Defendant-Appellant.

_________________________________
Before Judges Carchman, R. B. Coleman and Sabatino.

On appeal from the Superior Court of New Jersey, Law Division, Union County, Municipal Appeal No. 5862.

Michael B. Blacker argued the cause for appellant.

Anne Marie Gibbons-Lejnieks, Union County Assistant Prosecutor, argued the cause for respondent (Theodore J. Romankow, Union County Prosecutor, attorney; Ms. Gibbons-Lejnieks, of counsel and on the brief.)

 The opinion of the court was delivered by

SABATINO, J.A.D.

 Defendant German Marquez, a licensed New Jersey driver, appeals his conviction of refusing to submit to a breath test, N.J.S.A. 39:4-50.2, after being arrested for drunk driving.  Defendant argues that because he is only fluent in Spanish and does not understand English, he cannot be guilty of refusing to comply with the standard breath test instruction (the “standard statement”), which the arresting police officer read to him in English.
 We affirm defendant’s conviction because the law does not require a translation of the standard statement under N.J.S.A. 39:4-50.2(e) and because defendant gave his implied consent to submit to a breath test when he obtained his New Jersey driver’s license.  However, we recommend that, as an administrative matter, the Motor Vehicle Commission prospectively consider having the standard statement translated into Spanish and perhaps other prevalent foreign languages.
 The facts relevant to our consideration of the issues on appeal are substantially undisputed.  On the evening of September 20, 2007, defendant’s Toyota struck the rear end of another vehicle at or near the intersection of Park Avenue and West Second Street in Plainfield.  A Plainfield patrolman, Officer Shane Lugo, arrived at the accident scene.  The officer observed both vehicles facing in a southbound direction.  Defendant was seated behind the wheel of the Toyota, with its engine still running.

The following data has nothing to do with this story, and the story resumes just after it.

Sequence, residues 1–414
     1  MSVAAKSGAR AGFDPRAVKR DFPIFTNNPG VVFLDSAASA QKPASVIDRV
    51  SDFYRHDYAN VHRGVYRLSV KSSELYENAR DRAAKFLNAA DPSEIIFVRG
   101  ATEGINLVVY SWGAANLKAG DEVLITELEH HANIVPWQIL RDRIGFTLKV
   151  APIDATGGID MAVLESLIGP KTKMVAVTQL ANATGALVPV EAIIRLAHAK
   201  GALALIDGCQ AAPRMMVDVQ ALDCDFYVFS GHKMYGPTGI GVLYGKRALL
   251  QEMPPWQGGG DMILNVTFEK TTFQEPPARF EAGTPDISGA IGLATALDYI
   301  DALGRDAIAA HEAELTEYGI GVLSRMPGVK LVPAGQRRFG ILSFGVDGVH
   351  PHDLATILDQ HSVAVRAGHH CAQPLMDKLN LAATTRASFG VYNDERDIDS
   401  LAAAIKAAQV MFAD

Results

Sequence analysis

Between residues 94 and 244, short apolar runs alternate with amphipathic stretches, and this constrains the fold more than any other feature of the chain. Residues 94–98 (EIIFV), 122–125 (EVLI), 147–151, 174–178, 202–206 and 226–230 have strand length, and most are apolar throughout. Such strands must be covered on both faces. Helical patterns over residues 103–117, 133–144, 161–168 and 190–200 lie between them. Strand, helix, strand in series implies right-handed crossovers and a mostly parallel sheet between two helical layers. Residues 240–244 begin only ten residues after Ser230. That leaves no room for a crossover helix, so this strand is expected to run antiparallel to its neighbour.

Speaking in English, Officer Lugo requested defendant’s driving credentials.  After it became apparent that defendant did not understand him, Officer Lugo repeated his request in Spanish.1  Defendant then produced a valid New Jersey driver’s license, a vehicle registration and an insurance card.  As this was occurring, Officer Lugo smelled alcohol and noticed that defendant was slurring his words.  The officer also noticed that defendant had to brace himself to get out of his car and then began leaning against a tree.  Consequently, Officer Lugo asked defendant, in English, to perform certain field sobriety tests.  Defendant did not comply, apparently not understanding the request.
 Based on his observations, Officer Lugo placed defendant under arrest and transported him to police headquarters.  He noticed that defendant’s eyes were bloodshot and droopy, and that his speech was “whiny.”  The officer believed defendant was intoxicated.
 Upon arriving at headquarters, Officer Lugo ushered defendant into a room where the Alcotest 71102 breath test is administered.  The officer activated a video camera that taped3 the events.  Officer Lugo then read to defendant, in English, all eleven paragraphs of the standard statement mandated by N.J.S.A. 39:4-50.2(e).  Among other things, the statement explains the mandatory nature of the breath test, the minimum penalties for refusing the test, and the test subject’s right to have a defense expert conduct independent chemical testing of the sample.